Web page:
Why He’s Top 40: For his work with victims of crime and abuse, and his dedication to helping the community.
Guilty Pleasure: “I enjoy men’s fashion, especially in checking out some of the nice local spots that have high-end lines. I like to dress well, but sometimes I’m overdressed.”
Four years ago, a friend persuaded David Jones to take part in an inner-city bike shop program dubbed, The Spoke, designed to steer kids away from gang influence. At The Spoke, youths learn about rebuilding bikes, and have chances in the end to lead sessions with other children. A cycling enthusiast himself, Jones offered his services and mentorship, while helping the kids build bikes.
Then, a few weeks later, something unusual happened.
“I showed up one day in my police uniform,” says Jones. “One kid I really got to know just didn’t know what to say. I don’t know if he ever had a positive interaction with a police officer before. As long as I’m willing to be the same person and get greasy with my uniform on, then the kids are able to turn around and say, ‘OK I get it now, He’s just a guy, too.'”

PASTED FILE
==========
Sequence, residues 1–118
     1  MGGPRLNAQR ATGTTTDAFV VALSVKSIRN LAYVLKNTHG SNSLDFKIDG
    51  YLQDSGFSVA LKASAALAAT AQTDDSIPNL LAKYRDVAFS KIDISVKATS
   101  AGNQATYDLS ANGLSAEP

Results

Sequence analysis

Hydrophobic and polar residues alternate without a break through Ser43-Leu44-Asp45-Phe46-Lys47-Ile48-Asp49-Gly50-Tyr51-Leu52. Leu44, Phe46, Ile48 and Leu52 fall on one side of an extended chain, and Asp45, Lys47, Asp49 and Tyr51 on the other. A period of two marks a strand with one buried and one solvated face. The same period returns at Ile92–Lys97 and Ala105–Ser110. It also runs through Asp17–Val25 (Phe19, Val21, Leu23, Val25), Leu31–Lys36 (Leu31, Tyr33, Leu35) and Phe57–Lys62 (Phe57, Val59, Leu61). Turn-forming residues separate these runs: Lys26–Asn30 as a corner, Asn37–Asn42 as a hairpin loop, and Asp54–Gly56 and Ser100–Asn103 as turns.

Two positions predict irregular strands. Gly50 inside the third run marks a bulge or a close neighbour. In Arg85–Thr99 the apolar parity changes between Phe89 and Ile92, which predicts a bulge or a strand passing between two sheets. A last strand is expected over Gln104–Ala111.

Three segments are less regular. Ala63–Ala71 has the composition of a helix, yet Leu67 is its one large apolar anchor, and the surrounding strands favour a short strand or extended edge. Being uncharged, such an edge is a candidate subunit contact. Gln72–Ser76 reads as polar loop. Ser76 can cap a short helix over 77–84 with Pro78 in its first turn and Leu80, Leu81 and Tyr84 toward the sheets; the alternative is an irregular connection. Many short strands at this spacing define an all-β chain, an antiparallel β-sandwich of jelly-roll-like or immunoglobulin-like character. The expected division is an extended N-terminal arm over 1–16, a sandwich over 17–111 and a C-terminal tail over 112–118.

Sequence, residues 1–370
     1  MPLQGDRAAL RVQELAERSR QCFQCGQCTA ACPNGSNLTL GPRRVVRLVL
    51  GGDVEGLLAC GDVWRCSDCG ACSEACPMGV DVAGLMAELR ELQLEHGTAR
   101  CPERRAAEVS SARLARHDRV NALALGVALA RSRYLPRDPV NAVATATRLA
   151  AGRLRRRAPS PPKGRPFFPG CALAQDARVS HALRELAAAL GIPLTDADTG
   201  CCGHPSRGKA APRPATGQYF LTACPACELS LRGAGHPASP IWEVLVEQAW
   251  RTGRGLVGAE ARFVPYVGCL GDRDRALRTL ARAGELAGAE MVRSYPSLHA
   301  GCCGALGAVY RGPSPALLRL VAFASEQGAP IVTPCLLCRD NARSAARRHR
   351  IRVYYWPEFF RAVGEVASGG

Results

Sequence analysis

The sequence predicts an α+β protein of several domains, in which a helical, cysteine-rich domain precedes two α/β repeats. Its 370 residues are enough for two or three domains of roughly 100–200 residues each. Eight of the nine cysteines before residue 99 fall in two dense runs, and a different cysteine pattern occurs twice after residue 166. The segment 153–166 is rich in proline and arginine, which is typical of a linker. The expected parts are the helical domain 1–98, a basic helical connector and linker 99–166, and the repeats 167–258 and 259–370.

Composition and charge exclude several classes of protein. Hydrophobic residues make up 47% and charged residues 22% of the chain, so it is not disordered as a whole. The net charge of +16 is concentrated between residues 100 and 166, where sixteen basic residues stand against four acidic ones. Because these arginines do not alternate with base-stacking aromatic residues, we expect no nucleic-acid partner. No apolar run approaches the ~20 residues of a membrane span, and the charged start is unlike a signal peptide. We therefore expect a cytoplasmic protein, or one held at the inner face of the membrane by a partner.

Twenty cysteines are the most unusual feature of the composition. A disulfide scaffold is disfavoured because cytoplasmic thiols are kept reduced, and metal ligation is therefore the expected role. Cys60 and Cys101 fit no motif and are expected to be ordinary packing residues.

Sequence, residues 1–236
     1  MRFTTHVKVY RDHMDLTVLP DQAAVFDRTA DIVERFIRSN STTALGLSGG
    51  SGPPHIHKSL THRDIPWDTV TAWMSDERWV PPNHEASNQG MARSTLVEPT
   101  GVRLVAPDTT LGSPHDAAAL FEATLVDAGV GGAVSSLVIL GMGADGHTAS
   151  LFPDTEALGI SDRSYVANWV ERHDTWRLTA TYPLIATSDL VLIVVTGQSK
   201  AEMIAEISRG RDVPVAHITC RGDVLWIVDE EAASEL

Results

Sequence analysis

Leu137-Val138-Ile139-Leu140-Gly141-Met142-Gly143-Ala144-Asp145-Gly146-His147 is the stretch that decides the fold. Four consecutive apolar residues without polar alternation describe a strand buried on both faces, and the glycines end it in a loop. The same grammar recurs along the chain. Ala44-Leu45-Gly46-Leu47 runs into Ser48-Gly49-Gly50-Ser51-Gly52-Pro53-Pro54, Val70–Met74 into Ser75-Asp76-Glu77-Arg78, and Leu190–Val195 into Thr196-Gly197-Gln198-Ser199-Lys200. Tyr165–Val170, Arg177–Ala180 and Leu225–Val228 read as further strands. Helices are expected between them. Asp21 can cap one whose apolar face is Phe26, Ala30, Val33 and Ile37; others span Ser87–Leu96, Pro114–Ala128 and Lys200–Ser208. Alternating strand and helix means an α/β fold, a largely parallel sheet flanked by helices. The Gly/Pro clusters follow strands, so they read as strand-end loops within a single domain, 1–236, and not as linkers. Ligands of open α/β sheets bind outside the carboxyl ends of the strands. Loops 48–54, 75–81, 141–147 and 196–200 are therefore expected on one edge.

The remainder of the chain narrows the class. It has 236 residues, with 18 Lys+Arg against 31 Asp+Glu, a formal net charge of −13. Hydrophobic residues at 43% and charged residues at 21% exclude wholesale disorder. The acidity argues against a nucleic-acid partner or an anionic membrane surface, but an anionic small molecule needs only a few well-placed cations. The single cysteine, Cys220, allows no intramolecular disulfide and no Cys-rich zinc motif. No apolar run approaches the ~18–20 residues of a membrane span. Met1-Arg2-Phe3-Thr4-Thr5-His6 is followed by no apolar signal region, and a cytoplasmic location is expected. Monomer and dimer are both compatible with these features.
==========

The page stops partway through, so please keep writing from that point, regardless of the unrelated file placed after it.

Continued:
That’s among the more auspicious moments that Jones can share as an EPS officer whose day job is spent working out of the Zebra Child Protection Centre, which supports children who have been victims of crime and abuse. Even before he became a cop, Jones always liked interacting with teens, having spent time as a youth worker at The Family Centre.
Such dedication has landed him recognition via the EPS Criminal Investigations Division Excellence in Investigations Award for his work on a complex child sexual abuse investigation. His involvement in The Spoke not only won a Jack Grainge Award from the Edmonton Bicycle Commuters Society, it also became a national story on the CBC and received high praise in the 2012 State of the City report.
But Jones finds that the feedback from the kids is what’s really rewarding. “I’ve seen some very positive stories,” says Jones. “What the long term is going to be like has yet to be determined, although I’ve met lots of very successful people who have that kind of story in their past. That gives me some hope.”